Wednesday, January 11, 2006

TRILOBITES

If you'd like to print out and read the short story Trilobites, you can find the PDF here.

Trevor brought up a good point in his last comment. Pancake was not a dirt poor good ole boy from the hills and hillocks of West Virginia, but he passed himself off as that and that perspective was reflected in his stories. I suppose writers and other dramatists have an innate sense of romance; instead of shaping yourself to fit into the world, there is the desire to shape the world to fit your idea of what it should be.

Either way, I didn't know much about Pancake before I started reading his stories, but you can tell they come from a very real place. Even if they didn't - even if they were written by a middle-aged homemaker from Myrtle Beach - the writing is fantastic. No excessive prose, just lean and poetic. Good stuff.

JAMES FREY UPDATE: In an uprecedented move, Random House offers a refund for A Million Little Pieces. My Schadenfreude can now no longer be measured by numbers, but rather by imaginary numbers, and logarithms, and the like.

17 comments:

King Koopa said...

I don't have cable, but this morning I read the transcript of Larry King w/ James Frey last night. I kept thinking about whether this book would still matter to people who struggle with drug/alcohol, since a friend of mine just got out of a halfway house (and is already halfway on his way back in...). It sounds to me like the emotional impact and the life lessons this guy has learned are still basically applicable to people with addictions. His experiences haven't been as horrendous or violent, but I don't think that matters, it just makes him less hardcore than he made himself out to be. Addiction is addiction, and successful recovery is still the point of the book. Basically, I came away thinking this is still a book that could help people like my freind, but I'd feel better knowing what I know before reading the book.

Mathis said...

Aargh. The point is that he fabricated much, if not all of the things that actually could be disproven. What then of the things in the book that couldn't be proven or disproven? Are we to take them at his word? He's a fucking liar. He sold a lot of books. Oprah doesn't want egg on her face. The Larry King show was disappointing because it gave Frey an opportunity to frame the debate without being asked any difficult questions. This is a debate about two things - 1) If I produce a work that is purported to be true, and it turns out not to be so, does that taint the work? and 2) Is this good literature?

A lot of people wouldn't have as great a problem with this book if it weren't for Frey himself, who basically said that he was the best writer of his generation and then published this book, which contains writing not dissimilar to a lot of high-school journals, and in which many of the storylines and characters are tired cliches. People are angry at his poor craftmanship and at the fact that he is a LIAR. As to whether people find comfort or power from the book, who cares? People find help from all kind of books.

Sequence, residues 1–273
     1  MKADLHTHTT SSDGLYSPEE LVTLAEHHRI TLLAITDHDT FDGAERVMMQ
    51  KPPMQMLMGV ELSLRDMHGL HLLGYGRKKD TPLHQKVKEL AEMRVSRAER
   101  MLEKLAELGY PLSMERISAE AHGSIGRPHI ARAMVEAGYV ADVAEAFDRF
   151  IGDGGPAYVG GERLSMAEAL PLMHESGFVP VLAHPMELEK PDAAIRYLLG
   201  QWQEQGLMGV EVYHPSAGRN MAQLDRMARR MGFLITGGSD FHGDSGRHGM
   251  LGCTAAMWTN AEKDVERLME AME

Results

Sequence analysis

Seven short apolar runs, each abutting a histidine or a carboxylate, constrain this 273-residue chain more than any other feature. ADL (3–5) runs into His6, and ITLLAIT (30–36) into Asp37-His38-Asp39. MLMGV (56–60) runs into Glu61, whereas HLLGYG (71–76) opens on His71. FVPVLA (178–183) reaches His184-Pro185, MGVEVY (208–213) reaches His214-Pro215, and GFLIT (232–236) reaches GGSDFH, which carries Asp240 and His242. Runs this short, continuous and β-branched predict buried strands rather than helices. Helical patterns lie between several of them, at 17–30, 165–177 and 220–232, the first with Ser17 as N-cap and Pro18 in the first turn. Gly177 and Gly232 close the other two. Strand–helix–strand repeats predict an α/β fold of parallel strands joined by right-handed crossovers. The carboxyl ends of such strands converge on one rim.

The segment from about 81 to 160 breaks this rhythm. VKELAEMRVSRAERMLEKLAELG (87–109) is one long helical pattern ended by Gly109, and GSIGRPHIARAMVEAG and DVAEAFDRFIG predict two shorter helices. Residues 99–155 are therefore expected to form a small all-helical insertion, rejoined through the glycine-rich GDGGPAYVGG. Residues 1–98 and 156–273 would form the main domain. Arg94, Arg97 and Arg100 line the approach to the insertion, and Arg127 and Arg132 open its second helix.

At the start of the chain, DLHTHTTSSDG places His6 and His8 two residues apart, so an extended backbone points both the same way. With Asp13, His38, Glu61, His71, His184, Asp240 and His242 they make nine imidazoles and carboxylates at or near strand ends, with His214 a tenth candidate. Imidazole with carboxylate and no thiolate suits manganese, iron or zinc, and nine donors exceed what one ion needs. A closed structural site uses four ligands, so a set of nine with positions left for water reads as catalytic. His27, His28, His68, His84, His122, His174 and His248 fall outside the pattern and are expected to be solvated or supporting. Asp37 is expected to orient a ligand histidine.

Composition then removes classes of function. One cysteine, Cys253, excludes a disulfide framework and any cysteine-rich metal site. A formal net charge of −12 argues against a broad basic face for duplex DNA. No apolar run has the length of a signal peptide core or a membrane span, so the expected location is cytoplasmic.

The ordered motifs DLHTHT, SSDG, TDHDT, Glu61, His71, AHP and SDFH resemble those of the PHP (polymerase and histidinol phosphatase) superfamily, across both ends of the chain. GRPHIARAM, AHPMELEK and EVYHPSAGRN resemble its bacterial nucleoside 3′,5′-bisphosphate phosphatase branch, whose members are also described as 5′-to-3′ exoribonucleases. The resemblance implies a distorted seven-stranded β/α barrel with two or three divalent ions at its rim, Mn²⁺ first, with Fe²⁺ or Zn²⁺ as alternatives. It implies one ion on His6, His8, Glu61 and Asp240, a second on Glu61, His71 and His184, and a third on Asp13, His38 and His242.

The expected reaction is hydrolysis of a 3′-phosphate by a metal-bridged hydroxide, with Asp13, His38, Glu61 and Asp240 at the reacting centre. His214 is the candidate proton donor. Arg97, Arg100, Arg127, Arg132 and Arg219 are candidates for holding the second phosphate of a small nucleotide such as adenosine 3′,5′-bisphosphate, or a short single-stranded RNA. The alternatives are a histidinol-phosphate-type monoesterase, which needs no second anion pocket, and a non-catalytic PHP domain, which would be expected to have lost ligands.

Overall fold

You say "His experiences haven't been as horrendous or violent, but I don't think that matters." Right. Because he made up the fact that he ever went to jail. Doesn't matter. Memoir. What's a memoir, anyway? Let's not call him a liar, let's just redefine what memoir means.

King Koopa said...

I'm not one who can persuasively argue about the literary greatness of this book, or any other for that matter. I don't disagree with anything you said or your point of view at all. It's just that there's a certain portion of the population, who could still find value out of this book, ie my friend. I wouldn't think "Tuesday's With Morry" is going to be regarded as great literature either, but people find still find profound value in it. Neither book should be added to the canon of great literature, fine. The rest of the issues you brought up are still valid and are interesting things to talk about too. I just think it's still got a potential to be an impactful book to some people. But, I can see how this whole thing is frustrating and enfuriating to people who take literature seriously.

Could an apt comparison be made between this discussion and the discussion over whether sample-based music can be as important as "live" music made by "real" musicians? Hmmm, I think so...and maybe I'll elaborate on my blog.

Mathis said...

Could an apt comparison be made between this discussion and the discussion over whether sample-based music can be as important as "live" music made by "real" musicians? Hmmm, I think so...and maybe I'll elaborate on my blog.

Not really, no.

Seriously, you just don't care that he's a liar? That his book is based on being honest with himself and "fucking the bullshit," yet he himself is full of bullshit? What good is a book that purports to be raw and real and full of truth that is actually neither raw nor real nor full of truth?

King Koopa said...